Friday, April 12, 2013
Mending Fences and Writing Down the Bones
Yesterday when I was photographing some old Journals, I knew immediately what that blue one was. In the early 90's I bought Natalie Goldberg's book Writing Down the Bones. It is no secret I dreamed of being a writer - it says so right there in my blog profile. Natalie's book was all about how to become one. Her rules were simple: use a cheap spiral notebook and a comfortable pen or pencil with which you can write rapidly.
Practice writing every day: the first thought that pops in your head. Keep your hand moving. Don't re-read, don't cross out, don't worry about spelling, punctuation, grammar - lose control - don't think, don't get logical - just write. She was asking me to break a lot of my self-imposed rules about writing.
But I started with a fresh, cheap, spiral bound notebook and here is a sample of some of that writing:
3/2/95 So, Natalie, just write? Easier some days than others. Will this become my journal in place of? This scribbling on the bus. What happens if I quit riding the bus? (The commute to my downtown workplace took about a half hour - it was my free time to, usually, read. I was trying to replace that with writing practice.)
The summer I was 12, or maybe 13, Dad was rebuilding the N. fence line in the Shearburn pasture. We called it the Shearburn pasture because it belonged to the neighbors and we rented it from them. Each morning after milking, one of us would drive the cows down our quiet country road to the corner where we had to cross a much busier county road to get the cows through a gate and into the safety of the pasture.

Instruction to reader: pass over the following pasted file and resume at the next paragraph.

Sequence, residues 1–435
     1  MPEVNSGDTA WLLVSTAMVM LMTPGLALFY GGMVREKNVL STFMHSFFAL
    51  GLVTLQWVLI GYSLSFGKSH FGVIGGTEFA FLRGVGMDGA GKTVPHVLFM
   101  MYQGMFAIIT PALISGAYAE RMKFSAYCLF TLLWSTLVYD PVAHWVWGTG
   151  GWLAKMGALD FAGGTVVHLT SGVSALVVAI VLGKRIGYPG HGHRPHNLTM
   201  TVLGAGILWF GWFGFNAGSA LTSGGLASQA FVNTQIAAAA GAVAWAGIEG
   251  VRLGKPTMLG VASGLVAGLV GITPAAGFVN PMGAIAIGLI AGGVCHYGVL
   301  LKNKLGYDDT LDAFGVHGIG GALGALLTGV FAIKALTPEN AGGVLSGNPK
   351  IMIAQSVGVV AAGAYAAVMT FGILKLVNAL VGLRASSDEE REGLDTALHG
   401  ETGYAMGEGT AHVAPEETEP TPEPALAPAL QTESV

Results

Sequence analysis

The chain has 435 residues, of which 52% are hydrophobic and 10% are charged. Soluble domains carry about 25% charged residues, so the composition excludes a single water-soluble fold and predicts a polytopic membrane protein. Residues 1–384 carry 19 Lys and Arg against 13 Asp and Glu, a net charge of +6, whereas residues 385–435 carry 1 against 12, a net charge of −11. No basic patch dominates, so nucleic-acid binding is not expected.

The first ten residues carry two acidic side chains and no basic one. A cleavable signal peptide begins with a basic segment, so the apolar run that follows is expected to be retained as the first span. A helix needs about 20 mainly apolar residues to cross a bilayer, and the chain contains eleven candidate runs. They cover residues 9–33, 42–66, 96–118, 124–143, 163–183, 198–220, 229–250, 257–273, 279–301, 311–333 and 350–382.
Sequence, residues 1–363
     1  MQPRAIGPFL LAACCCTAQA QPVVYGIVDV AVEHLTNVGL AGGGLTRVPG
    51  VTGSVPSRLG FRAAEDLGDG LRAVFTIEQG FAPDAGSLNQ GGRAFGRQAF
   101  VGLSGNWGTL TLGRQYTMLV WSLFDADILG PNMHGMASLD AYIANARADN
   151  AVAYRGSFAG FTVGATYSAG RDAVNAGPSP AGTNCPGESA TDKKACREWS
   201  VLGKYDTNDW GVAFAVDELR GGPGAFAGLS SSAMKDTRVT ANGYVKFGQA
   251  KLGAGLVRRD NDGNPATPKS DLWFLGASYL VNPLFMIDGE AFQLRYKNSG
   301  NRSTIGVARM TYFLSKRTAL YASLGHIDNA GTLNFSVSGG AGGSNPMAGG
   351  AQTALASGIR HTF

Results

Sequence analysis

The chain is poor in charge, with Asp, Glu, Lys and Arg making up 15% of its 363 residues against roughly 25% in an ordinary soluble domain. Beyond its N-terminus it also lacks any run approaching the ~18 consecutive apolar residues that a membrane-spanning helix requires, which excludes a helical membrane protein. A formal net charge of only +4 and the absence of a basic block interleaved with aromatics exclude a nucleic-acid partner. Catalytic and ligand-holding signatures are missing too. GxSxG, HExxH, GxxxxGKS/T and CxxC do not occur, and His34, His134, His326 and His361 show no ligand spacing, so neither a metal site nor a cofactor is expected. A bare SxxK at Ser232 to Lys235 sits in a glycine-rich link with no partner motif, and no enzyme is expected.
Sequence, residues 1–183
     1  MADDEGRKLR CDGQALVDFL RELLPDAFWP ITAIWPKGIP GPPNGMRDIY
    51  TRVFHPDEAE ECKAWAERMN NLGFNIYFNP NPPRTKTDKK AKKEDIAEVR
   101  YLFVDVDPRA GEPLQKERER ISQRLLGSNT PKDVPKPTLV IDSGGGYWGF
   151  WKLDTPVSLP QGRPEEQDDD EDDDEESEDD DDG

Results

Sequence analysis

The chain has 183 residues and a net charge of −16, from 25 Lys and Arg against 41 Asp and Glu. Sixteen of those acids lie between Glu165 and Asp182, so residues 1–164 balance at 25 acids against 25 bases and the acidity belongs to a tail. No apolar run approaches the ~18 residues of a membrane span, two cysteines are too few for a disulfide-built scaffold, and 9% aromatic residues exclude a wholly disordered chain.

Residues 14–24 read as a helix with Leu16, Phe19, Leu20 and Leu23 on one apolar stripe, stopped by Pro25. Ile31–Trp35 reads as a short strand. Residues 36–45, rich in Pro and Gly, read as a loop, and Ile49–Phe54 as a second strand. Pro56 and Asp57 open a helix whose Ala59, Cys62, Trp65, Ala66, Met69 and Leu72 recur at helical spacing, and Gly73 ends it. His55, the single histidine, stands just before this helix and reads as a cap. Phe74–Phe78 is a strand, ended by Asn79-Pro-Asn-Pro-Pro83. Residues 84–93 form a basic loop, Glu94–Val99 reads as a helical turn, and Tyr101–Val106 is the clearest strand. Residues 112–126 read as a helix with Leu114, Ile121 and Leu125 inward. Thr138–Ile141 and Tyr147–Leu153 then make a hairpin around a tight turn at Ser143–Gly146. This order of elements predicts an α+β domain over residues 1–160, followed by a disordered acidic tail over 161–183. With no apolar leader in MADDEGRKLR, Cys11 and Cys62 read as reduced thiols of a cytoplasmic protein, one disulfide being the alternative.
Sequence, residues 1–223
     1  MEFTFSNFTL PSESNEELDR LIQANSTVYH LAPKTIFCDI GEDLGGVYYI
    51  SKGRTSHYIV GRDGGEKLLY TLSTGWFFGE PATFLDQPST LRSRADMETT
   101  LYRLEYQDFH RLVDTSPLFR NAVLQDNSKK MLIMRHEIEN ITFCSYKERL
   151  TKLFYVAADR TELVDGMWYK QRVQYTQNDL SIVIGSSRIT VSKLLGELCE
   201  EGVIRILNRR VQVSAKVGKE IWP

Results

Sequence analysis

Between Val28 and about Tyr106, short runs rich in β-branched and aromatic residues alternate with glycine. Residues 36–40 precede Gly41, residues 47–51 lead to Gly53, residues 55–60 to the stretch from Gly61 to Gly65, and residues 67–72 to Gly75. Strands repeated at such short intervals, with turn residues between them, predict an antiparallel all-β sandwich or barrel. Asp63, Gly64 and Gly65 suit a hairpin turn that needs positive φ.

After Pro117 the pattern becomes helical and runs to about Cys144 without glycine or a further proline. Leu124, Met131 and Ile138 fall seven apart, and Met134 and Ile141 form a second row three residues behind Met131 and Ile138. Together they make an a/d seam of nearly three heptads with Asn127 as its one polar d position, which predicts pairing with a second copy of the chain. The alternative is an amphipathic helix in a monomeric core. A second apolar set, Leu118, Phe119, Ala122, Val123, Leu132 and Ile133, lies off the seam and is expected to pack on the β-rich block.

The task was made somewhat more dangerous by a hill immediately to the west of the corner. In other words, if a car came flying over the hill from the west and the cows were just crossing at that moment the driver may or may not get stopped in time: Voilá - instant hamburger. The cattle crossing sign did little to slow them down. But nothing like that ever happened - just a few close calls. In the evening the procedure was reversed and we drove the cows home for the evening milking and to spend the night lazing in the cow lot.